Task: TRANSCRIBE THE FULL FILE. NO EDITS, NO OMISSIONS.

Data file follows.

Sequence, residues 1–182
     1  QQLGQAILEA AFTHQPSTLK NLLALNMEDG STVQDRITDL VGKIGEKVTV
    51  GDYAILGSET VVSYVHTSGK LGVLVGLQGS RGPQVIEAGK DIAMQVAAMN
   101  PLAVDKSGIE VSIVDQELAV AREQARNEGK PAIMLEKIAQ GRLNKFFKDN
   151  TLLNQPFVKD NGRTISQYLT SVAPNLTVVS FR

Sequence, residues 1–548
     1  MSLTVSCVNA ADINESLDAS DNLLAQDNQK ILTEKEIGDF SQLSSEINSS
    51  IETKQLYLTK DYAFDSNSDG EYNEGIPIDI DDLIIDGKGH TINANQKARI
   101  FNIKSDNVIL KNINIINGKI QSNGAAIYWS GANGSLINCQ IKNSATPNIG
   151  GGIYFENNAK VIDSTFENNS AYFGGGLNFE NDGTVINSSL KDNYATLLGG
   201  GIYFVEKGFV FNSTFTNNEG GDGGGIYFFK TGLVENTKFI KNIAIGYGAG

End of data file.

Sequence, residues 1–182
     1  QQLGQAILEA AFTHQPSTLK NLLALNMEDG STVQDRITDL VGKIGEKVTV
    51  GDYAILGSET VVSYVHTSGK LGVLVGLQGS RGPQVIEAGK DIAMQVAAMN
   101  PLAVDKSGIE VSIVDQELAV AREQARNEGK PAIMLEKIAQ GRLNKFFKDN
   151  TLLNQPFVKD NGRTISQYLT SVAPNLTVVS FR

Sequence, residues 1–548
     1  MSLTVSCVNA ADINESLDAS DNLLAQDNQK ILTEKEIGDF SQLSSEINSS
    51  IETKQLYLTK DYAFDSNSDG EYNEGIPIDI DDLIIDGKGH TINANQKARI
   101  FNIKSDNVIL KNINIINGKI QSNGAAIYWS GANGSLINCQ IKNSATPNIG
   151  GGIYFENNAK VIDSTFENNS AYFGGGLNFE NDGTVINSSL KDNYATLLGG
   201  GIYFVEKGFV FNSTFTNNEG GDGGGIYFFK TGLVENTKFI KNIAIGYGAG